Home > The Theft of Sunlight (Dauntless Path #2)

The Theft of Sunlight (Dauntless Path #2)
Author: Intisar Khanani




There’s a mangy dog crouched beneath the second-to-last vegetable cart. As a rule, I avoid mangy dogs. Especially ones with bloodshot eyes and a clearly infected paw. But this is a sad-looking creature, its narrow face streaked with mud and its coat thinned to almost nothing over its ribs, skin scaly and pink beneath the grime.

“Something wrong?” Ani asks as she switches her brightly woven market basket to her other arm. At her side, her little sister, Seri, dips a booted toe into a puddle left from this morning’s spring rains. The crowd around us shifts and moves, a sea of brown faces and bright clothing filling the wide town square to brimming. For a moment I lose sight of the dog as a group of older women push past, skirts flapping around sturdy boots.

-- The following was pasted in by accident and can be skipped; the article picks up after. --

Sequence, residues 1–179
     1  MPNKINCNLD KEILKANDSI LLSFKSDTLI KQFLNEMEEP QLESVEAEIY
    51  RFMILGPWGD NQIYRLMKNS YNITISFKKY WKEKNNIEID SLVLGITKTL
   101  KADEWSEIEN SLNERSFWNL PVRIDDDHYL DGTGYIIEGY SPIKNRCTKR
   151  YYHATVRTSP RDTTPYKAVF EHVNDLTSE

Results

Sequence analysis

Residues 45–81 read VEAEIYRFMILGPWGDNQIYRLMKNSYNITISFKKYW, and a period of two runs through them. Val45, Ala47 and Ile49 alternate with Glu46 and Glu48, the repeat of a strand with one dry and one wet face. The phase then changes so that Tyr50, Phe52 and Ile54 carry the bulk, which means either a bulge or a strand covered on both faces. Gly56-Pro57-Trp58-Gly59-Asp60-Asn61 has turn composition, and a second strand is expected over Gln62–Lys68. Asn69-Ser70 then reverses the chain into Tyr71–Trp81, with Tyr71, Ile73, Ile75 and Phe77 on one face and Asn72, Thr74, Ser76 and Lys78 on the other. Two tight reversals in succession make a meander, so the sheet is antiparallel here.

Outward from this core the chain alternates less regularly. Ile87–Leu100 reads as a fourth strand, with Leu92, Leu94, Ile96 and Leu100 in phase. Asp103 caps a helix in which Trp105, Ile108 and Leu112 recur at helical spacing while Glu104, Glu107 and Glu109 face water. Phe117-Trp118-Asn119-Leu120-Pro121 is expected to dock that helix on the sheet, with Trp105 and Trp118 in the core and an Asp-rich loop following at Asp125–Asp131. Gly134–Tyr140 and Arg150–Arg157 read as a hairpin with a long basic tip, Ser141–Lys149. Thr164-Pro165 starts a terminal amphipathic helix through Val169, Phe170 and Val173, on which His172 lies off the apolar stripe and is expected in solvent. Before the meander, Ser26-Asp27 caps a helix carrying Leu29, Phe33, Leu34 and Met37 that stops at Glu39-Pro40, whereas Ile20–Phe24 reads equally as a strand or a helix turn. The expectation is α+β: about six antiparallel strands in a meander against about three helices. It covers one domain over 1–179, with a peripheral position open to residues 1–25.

“No,” I say, turning to my friend. “I’m just wondering where Bean is. Have you seen her, Seri?”

Seri looks up, twin black braids swinging. “Oh yes! She’s across by the horses. Should I go get her?”

“Yes, please.”

Seri grins and scampers away after my own little sister.

“Seri! Watch where you’re going!” Ani calls helplessly.

“She’s quick,” I assure her. There’s not much harm a six-year-old can come to at Sheltershorn’s market day; for all the crowd of shoppers, almost everyone knows one another, and no one would be so stupid as to come galloping through on a horse. In truth, the biggest danger here would be the mucky puddles, and I’m pretty sure Seri loves running through those.

“Do you need anything else?” Ani asks, glancing into her basket. “Mama wanted me to find radishes, but I haven’t seen any.”